In the 3rd millennium BCE, Mesopotamian kings recorded and interpreted their dreams on wax tablets. In the years since, we haven’t paused in our quest to understand why we dream. And while we still don’t have any definitive answers, we have some theories. Amy Adkins reveals the top seven reasons why we might dream.
We have over 600 muscles in our bodies that help bind us together, hold us up, and help us move. Your muscles also need your constant attention, because the way you treat them on a daily basis determines whether they will wither or grow. Jeffrey Siegel illustrates how a good mix of sleep, nutrition and exercise keep your muscles as big and strong as possible.
The top ten countries on the World Giving Index, determined by a worldwide poll of three factors: helping a stranger, donating money, and volunteering.
Plants are constantly under attack. They face threats ranging from microscopic fungi to small herbivores like caterpillars, up to large herbivores like elephants. But plants are ready, with a whole series of internal and external defenses that make them a less appealing meal — or even a deadly one. Valentin Hammoudi explains some of the fascinating ways that plants defend themselves.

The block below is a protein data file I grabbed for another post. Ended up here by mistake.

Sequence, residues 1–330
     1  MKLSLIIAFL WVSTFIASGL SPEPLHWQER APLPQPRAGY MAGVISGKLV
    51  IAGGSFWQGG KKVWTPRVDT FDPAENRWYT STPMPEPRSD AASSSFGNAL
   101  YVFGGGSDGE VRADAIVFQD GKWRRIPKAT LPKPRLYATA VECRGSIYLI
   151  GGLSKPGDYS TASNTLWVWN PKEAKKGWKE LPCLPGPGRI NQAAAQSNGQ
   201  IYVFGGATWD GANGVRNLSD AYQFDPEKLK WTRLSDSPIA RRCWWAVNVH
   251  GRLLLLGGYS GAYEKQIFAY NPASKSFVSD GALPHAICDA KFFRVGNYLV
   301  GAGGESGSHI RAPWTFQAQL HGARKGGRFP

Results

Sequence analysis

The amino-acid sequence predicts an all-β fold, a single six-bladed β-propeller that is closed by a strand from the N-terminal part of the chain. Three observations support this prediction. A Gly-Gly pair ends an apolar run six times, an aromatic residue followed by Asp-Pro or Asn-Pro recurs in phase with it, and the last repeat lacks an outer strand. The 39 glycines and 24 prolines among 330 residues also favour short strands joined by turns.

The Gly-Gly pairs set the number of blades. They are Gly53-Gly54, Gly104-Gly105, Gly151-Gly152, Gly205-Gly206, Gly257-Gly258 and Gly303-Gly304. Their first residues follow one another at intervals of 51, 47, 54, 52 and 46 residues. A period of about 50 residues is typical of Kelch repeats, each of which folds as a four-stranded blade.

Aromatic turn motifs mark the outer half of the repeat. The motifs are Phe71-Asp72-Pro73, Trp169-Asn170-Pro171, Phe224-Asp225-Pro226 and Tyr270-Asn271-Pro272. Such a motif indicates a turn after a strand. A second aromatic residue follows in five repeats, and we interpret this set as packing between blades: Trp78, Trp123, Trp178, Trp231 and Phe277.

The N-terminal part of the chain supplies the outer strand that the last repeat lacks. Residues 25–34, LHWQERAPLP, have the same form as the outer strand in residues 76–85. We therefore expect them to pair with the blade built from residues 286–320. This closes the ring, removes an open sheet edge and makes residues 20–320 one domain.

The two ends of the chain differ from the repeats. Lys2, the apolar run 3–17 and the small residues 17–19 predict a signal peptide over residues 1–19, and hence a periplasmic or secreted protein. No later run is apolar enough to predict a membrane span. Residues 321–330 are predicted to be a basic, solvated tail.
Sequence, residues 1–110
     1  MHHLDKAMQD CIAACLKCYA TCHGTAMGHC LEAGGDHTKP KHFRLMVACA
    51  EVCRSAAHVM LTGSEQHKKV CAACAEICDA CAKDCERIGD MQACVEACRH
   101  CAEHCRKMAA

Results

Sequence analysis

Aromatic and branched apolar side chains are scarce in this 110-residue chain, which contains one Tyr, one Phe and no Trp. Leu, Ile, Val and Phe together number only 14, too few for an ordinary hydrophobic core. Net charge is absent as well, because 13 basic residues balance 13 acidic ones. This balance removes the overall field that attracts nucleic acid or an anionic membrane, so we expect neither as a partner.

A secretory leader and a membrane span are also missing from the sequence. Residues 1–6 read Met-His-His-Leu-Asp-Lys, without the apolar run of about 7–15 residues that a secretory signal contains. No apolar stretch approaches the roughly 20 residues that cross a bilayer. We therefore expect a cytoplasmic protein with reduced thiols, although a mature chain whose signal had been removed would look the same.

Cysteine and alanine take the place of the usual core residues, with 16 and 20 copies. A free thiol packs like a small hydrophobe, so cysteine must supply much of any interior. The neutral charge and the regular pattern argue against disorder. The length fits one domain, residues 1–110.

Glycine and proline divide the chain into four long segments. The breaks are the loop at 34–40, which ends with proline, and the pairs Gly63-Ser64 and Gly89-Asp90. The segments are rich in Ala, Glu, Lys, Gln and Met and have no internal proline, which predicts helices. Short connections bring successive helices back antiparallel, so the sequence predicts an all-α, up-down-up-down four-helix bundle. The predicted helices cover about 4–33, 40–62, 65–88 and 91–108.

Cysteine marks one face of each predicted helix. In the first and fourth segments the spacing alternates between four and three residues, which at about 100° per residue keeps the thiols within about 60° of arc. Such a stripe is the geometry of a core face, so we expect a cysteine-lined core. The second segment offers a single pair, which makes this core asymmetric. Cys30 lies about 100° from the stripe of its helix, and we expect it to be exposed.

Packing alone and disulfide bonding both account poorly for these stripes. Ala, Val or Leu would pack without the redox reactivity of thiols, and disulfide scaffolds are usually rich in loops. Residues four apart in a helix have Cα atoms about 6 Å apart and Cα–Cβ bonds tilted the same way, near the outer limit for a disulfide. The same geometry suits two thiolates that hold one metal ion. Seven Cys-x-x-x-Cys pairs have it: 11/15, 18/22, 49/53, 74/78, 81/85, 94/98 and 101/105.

On July 26, 1943, Los Angeles was blanketed by a thick gas that stung people’s eyes and blocked out the Sun. Panicked residents believed their city had been attacked using chemical warfare. But the cloud wasn’t an act of war. It was smog. So what is this thick gray haze actually made of? And why does it affect some cities and not others? Kim Preshoff details the science behind smog.
When most people think of fishing, we imagine relaxing in a boat and patiently reeling in the day’s catch. But modern industrial fishing — the kind that stocks our grocery shelves — looks more like warfare. Ayana Elizabeth Johnson and Jennifer Jacquet explain overfishing and its effects on ecosystems, food security, jobs, economies, and coastal cultures.